Tottenham Hale Source: en.wikipedia.org/wiki/Tottenham_Hale

Tottenham Hale
Building construction at Tottenham Hale, Haringey 4.jpg
Building construction at Tottenham Hale, March 2020
Tottenham Hale is located in Greater London
Tottenham Hale
Tottenham Hale
Location within Greater London
Population15,064 (2011 Census. Ward)[1]
OS grid referenceTQ345895
• Charing Cross6.1 mi (9.8 km) SSW
London borough
Ceremonial countyGreater London
Sovereign stateUnited Kingdom
Post townLONDON
Postcode districtN15, N17
Dialling code020
UK Parliament
London Assembly
List of places
51°35′17″N 0°03′36″W / 51.588°N 0.060°W / 51.588; -0.060Coordinates: 51°35′17″N 0°03′36″W / 51.588°N 0.060°W / 51.588; -0.060

Tottenham Hale is a district of north London and part of the London Borough of Haringey, bounded by the River Lea and located to the south/south-east of Tottenham proper. From 1850 to 1965, it was part of the Municipal Borough of Tottenham, in Middlesex.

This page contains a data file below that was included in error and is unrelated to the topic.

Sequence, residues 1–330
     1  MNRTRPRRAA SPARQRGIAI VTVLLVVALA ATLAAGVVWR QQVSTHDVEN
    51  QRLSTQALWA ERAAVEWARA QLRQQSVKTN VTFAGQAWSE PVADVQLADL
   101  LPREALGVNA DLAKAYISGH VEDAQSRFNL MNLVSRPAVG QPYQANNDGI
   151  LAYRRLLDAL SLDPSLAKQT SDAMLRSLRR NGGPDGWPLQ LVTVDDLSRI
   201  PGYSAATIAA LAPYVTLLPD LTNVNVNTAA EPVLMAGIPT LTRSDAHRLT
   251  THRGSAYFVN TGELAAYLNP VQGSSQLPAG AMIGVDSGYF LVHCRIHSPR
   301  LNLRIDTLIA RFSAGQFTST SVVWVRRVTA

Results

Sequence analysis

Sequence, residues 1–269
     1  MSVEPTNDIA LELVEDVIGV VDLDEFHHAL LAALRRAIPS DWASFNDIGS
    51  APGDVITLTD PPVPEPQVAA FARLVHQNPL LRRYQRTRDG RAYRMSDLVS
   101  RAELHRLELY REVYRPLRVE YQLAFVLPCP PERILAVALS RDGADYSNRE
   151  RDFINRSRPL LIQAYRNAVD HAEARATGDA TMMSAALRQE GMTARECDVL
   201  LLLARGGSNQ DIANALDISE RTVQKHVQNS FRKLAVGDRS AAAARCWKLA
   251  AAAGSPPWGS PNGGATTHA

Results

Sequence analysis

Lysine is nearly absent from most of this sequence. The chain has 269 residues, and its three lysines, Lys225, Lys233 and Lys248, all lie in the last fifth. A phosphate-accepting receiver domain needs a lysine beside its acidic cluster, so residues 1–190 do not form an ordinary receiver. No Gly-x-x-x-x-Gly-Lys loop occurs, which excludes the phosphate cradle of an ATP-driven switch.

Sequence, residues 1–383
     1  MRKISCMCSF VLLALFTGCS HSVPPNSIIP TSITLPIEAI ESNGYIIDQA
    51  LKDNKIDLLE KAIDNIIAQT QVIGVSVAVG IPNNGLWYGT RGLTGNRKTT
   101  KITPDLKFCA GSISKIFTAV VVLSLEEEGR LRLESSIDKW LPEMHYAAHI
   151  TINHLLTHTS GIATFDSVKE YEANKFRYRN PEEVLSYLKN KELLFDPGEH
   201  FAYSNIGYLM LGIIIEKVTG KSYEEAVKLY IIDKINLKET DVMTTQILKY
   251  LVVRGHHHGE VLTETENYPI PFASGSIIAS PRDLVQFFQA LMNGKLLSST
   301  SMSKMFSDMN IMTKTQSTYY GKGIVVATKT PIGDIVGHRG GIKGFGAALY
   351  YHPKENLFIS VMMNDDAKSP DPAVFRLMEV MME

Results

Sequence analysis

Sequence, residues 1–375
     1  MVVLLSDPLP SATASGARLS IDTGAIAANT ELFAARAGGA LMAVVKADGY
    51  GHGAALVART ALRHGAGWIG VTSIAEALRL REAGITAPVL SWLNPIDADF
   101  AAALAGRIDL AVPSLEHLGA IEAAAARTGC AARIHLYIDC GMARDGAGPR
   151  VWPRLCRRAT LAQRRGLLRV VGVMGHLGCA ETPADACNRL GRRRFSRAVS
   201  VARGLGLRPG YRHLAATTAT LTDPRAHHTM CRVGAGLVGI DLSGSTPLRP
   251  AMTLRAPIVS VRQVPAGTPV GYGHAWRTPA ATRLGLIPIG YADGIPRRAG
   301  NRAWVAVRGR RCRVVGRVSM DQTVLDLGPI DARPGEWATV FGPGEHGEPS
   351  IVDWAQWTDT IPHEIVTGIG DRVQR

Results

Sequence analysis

The area is currently undergoing major regeneration.[2]


Tottenham Hale takes its name from the old English word Hale (to hoist or pull), as goods (particularly timber) were unloaded from the River Lea for onward transport by road at this point.

Character of the area[edit]

The River Lea as it flows through Tottenham Hale and past Heron Wharf.

Centred around Tottenham Hale station the area was formerly largely industrial in character with an emphasis on timber related products. The industrial sites have become large residential areas and a retail park. The retail park was looted and set alight in the 2011 England riots.[3] Since then there have been a large-scale housing project constructed,[4] and Haringey Council has formulated plans to redevelop the area.[5]

The east of Tottenham Hale borders the London Borough of Waltham Forest and the Walthamstow Reservoirs including the Walthamstow Wetlands. The River Lea runs through the east of Tottenham Hale. This includes the Tottenham Lock and the Pymmes Brook merging with the river. Surrounding these are a series of residential areas: Hale Village, the Ferry Lane Estate, Heron Wharf and the under construction Hale Wharf development.

Hale Village's design is based on Hammarby Sjöstad in Stockholm, Sweden.

Tottenham Hale is currently part of a major regeneration programme, which includes £1 billion of development investment, backed by Haringey Council and the GLA.[6]